# Minimum of x+1/x (Perimeter Square < Perim equal area rects)

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1. Apr 1, 2017

1. The problem statement, all variables and given/known data
Gelfand - Algebra p.115 problem 264:
Prove that a square has the minimum perimeter of all rectangles having the same area.
Hint. Use the result of the preceding problem.

2. Relevant equations
Preceding problem: Prove that a square has the maximum area of all rectangles having the same perimeter.

Perimeter of a square = Perimeter of a rectangle with an equal perimeter: $${4x} = 2(x-r)+2(x+r) = 2x-2r+2x+2r = 4x$$
Area of that square: x²
Area of that rectangle: (x-r)(x+r) = x²+rx-rx-r² = x²-r²

Since r² is always positive, then x² > x²-r².

3. The attempt at a solution
My initial attempt, I did coincidentally try with the result of the preceding problem. Let's take the area of a square and let it be equal to the area of a rectangle: x² = x² - r²
The perimeter of that square: 4x
The perimeter of that rectangle: 2(x-r)+2(x+r) = 2x-2r+2x+2r = 4x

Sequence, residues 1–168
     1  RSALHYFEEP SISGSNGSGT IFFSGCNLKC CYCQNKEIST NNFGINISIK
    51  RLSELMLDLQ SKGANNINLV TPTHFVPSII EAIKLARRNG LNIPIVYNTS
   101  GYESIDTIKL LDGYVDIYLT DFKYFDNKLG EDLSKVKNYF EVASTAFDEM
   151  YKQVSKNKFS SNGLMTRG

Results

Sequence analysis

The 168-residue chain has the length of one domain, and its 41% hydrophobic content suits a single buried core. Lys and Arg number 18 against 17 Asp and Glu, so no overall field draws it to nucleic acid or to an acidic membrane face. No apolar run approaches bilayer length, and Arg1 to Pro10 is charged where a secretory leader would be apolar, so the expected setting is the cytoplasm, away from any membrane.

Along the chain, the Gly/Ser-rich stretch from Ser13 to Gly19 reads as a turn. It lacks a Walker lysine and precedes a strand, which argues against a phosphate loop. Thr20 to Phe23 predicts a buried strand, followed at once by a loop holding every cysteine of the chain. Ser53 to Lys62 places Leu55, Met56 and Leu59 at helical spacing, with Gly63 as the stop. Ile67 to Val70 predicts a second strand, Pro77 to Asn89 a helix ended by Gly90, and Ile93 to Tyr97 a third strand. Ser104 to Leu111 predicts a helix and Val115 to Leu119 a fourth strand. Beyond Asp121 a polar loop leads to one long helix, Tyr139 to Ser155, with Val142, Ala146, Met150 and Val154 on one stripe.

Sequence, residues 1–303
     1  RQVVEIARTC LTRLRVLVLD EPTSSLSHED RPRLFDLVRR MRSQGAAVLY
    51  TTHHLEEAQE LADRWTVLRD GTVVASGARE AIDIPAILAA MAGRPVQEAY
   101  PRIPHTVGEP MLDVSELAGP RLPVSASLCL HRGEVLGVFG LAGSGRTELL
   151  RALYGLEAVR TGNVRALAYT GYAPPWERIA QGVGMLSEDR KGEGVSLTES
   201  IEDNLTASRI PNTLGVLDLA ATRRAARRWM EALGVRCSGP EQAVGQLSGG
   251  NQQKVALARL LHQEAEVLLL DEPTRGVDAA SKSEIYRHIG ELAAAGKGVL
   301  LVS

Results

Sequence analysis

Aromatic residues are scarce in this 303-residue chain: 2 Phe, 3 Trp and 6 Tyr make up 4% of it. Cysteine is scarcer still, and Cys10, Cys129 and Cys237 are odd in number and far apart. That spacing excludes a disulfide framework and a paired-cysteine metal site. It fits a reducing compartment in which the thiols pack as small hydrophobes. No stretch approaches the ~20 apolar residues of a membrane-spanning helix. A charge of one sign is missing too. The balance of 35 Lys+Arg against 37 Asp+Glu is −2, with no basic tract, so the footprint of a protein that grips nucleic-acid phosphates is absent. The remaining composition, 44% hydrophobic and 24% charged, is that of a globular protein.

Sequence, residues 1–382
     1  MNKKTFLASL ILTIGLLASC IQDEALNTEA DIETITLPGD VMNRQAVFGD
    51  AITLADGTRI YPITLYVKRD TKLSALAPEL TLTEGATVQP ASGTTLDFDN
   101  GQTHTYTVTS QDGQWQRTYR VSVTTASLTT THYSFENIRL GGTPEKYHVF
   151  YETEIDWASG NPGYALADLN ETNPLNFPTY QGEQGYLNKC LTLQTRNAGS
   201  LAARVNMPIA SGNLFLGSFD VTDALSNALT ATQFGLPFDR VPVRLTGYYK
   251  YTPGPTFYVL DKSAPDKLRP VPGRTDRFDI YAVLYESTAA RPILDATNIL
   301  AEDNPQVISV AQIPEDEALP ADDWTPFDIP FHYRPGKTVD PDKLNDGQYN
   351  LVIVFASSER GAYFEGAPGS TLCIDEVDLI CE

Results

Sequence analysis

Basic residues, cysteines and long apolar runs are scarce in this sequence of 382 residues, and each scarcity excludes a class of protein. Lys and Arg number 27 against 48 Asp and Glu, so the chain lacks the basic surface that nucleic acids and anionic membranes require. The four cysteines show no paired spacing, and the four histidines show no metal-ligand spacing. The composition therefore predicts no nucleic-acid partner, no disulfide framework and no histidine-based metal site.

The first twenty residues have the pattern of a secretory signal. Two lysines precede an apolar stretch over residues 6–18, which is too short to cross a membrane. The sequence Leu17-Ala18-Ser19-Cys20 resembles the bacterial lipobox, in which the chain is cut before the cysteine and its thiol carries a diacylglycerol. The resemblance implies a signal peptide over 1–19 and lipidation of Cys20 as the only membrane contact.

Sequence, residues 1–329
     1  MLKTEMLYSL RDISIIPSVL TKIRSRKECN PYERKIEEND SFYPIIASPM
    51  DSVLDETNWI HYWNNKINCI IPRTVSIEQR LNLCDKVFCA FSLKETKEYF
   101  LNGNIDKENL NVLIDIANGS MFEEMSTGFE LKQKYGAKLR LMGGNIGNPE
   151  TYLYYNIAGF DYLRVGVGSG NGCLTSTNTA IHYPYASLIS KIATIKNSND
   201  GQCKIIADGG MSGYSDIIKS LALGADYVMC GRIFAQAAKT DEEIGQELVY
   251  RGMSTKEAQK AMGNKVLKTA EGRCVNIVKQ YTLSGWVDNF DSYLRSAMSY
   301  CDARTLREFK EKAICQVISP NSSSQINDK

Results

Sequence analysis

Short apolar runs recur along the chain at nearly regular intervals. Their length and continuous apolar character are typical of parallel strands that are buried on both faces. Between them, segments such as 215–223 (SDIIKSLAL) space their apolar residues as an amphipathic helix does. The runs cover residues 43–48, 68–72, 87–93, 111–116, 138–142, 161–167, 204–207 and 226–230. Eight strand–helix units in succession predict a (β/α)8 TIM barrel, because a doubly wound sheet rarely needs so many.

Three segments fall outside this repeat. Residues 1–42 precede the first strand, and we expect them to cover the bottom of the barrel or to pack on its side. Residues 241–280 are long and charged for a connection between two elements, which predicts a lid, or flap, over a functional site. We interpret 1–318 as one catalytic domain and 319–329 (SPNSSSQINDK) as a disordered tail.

So if the area of a square and a rectangle are equal, the perimeter of that rectangle is equal to the perimeter of the square. Then it dawned on me that x² = x² - r² is impossible.

Second try:
The area of a square = all rectangles with the same area: $$x² = (ax)(\frac{1}{a}x)$$
The perimeter of that square: 4x
The perimeter of those rectangles: $$2ax+\frac{2}{a}x$$
$$2x(a+\frac{1}{a})$$

Now I got to prove, for a positive a not equal to 1, that: $$a+\frac{1}{a} > 2$$

When that's proven, it shows that a square always has the minimum perimeter of all rectangles having the same area. (when a=1, it is the same square, not a rectangle)

Here my first try was a proof by contradiction.
$$a+\frac{1}{a} < 2$$
$$\frac{1}{a} < 2 - a$$
$$1 < 2a - a²$$
$$0 < 2a - a² - 1$$
Multiplied both sides by -1
$$0 > a² - 2a + 1$$
$$0 > (a-1)²$$
Which is false because the square is always positive. So: $$4x < 2x(a+\frac{1}{a})$$
Could someone lead me in the right direction towards finding other, perhaps easier proofs?

Last edited: Apr 1, 2017
2. Apr 1, 2017

### Ray Vickson

Use the arithmetic-geometric mean inequality. When are the two types of means equal?